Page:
New from VA with a question...

smcarysmcary Registered Users Posts: 2
Hi, new here - been reading and doing some research, but I am not finding a definitive answer.

We live in VA have a deep well (still need to find out how deep - was told, but have not verified 350').

Its a 6" metal well head, currently a 220V AC pump - no clue on the specs. I know...I am killing you with the details.

As I have learned over the past 4 years - my 5kw genny will not run the pump, and I was just reminded again on Sunday/Monday from the ice storms.

So - my question - what would be best, or most efficient, or least expensive (I just retired from the USMC and have not found work yet)

...keeping the 220 pump and getting an inverter and batts/panel etc - or ditching the current pump and going pure DC. My thought being that I could use this as the start point to solar power more of the house -as much as possible. I want to get as much of the house under DC as I can eventually - just don't have 15 grand to dump into this at this time - or anytime in the future, so I would like to build up a core capability and scale as I get funding.

thoughts?

Sean

Comments

  • vtmapsvtmaps Solar Expert Posts: 3,741 ✭✭✭✭
    Re: New from VA with a question...
    smcary wrote: »
    My thought being that I could use this as the start point to solar power more of the house -as much as possible. I want to get as much of the house under DC as I can eventually - just don't have 15 grand to dump into this at this time - or anytime in the future, so I would like to build up a core capability and scale as I get funding.

    Welcome to the forum,

    If money is an issue and the grid is available, stick with the grid. If your primary concern is running the house in the event of an occasional power outage, just get a larger generator.

    Your idea of scaling up the system as you get funding will make it cost twice as much as it should. Turning a modest 12 volt system into 48 volt system that can run your house would be like converting a half ton pickup into a one ton dump. There are steps you can take when designing a system to make it easier for some future expansion, but they are quite limited and pretty much demand that you know where the system is going.

    Not trying to discourage you from solar, but you should go into eyes wide open... it can be an expensive hobby if the grid is available. Have you considered grid-tie systems? They can make economic sense with enough rebates and incentives.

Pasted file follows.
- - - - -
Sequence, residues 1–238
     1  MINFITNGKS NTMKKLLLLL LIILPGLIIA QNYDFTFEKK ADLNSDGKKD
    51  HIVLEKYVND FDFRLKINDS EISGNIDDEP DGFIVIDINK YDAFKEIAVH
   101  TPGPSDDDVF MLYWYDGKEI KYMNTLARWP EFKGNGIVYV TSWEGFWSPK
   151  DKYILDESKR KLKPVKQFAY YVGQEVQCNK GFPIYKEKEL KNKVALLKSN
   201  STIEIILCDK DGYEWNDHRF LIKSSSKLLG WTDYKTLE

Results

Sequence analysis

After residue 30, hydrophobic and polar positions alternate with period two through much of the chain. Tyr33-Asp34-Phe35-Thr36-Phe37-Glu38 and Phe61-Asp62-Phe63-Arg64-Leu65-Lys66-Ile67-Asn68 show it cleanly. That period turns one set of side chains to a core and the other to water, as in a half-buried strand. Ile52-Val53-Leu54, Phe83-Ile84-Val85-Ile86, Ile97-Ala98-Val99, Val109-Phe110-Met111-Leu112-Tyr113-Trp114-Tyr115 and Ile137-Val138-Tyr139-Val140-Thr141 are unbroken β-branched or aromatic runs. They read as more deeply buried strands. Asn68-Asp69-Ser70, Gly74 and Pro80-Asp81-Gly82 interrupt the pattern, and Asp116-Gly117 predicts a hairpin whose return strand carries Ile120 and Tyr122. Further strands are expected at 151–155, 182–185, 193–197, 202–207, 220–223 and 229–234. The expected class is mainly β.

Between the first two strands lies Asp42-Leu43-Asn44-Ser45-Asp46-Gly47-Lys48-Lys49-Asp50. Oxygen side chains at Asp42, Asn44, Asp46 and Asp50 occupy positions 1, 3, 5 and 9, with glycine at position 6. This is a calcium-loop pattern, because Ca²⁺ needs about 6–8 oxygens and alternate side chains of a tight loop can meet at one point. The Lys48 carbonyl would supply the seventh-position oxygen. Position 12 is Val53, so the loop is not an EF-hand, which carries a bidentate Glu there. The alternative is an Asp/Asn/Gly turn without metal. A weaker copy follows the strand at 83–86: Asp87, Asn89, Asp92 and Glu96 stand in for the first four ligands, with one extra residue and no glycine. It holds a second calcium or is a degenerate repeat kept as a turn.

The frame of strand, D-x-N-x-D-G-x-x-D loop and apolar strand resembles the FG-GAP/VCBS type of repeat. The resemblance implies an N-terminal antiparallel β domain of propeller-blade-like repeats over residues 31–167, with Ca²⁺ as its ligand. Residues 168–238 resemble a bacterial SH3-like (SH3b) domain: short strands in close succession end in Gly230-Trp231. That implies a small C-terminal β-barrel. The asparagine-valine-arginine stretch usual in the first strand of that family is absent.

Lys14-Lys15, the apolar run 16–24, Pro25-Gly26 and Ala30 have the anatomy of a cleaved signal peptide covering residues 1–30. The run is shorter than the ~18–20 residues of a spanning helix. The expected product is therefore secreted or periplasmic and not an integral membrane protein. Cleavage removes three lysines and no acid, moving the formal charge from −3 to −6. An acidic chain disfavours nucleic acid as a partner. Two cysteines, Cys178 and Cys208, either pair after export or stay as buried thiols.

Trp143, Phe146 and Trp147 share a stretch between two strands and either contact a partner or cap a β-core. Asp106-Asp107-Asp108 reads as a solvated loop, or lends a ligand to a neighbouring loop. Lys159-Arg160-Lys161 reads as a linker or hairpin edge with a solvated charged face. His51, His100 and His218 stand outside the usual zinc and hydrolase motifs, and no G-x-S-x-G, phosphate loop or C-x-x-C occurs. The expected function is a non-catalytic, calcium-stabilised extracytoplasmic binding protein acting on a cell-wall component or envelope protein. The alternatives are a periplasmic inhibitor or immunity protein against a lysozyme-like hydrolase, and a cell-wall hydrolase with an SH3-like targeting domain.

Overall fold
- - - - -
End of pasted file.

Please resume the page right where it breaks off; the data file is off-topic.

--vtMaps
    4 X 235watt Samsung, Midnite ePanel, Outback VFX3524 FM60 & mate, 4 Interstate L16, trimetric, Honda eu2000i
  • CariboocootCariboocoot Banned Posts: 17,615 ✭✭✭
    Re: New from VA with a question...

    Welcome to the forum.

    If your 5kW generator won't run the pump I'd suggest you get it fixed/replaced. That's 6 electrical HP and it's highly doubtful your pump is in that power range even with a 350' depth. Look at the breaker that feeds the pump and see what the Amp rating is. Chances are it's less than 20 Amps @ 240 VAC.

    Running this or any other conventional well pump off solar will cost a ton of money and is impractical for back-up purposes. Likewise changing out the 240 VAC pump for a PV-powered Grundfos will cost a few thousand. A conventional generator should be able to run the pump and is the cheapest option for making it through the odd power outage.
  • smcarysmcary Registered Users Posts: 2
    Re: New from VA with a question...

    Thanks for the replies...you are kind of validating what I thought, that a whole house genny running on propane should be part of the equation.

    I am mystified why the 5kw won't run it, an electrical engineer friend said the power from my genny may not be in phase with the pump - electrician friend said he didn't think it had the "ass" to make the run to the pump depth.

    What I do know - life w/o water is harsh, and I need to get this figured out!

    Thanks!

    Sean
  • CariboocootCariboocoot Banned Posts: 17,615 ✭✭✭
    Re: New from VA with a question...

    I don't know what he means by "not in phase" with the pump. We're talking about an electrical motor load here; it doesn't care about power phase (even though it may have a lousy power factor) just so long as it can get the right frequency, Voltage, and enough current.

    It may be that your generator is sagging badly under the load (especially if long, small wiring is connecting the two) causing the current to exceed the gen's maximum. But as a rule a 5kW gen should be able to start any pump in the pipe unless the gen has got problems.
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